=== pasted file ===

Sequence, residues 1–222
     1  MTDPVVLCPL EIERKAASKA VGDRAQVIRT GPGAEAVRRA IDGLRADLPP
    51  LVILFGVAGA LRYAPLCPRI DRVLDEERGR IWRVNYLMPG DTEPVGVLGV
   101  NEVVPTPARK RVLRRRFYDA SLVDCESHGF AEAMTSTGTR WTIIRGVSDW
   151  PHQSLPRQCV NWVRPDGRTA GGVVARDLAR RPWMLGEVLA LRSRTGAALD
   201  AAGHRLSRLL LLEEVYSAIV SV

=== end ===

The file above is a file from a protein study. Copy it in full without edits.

Sequence, residues 1–222
     1  MTDPVVLCPL EIERKAASKA VGDRAQVIRT GPGAEAVRRA IDGLRADLPP
    51  LVILFGVAGA LRYAPLCPRI DRVLDEERGR IWRVNYLMPG DTEPVGVLGV
   101  NEVVPTPARK RVLRRRFYDA SLVDCESHGF AEAMTSTGTR WTIIRGVSDW
   151  PHQSLPRQCV NWVRPDGRTA GGVVARDLAR RPWMLGEVLA LRSRTGAALD
   201  AAGHRLSRLL LLEEVYSAIV SV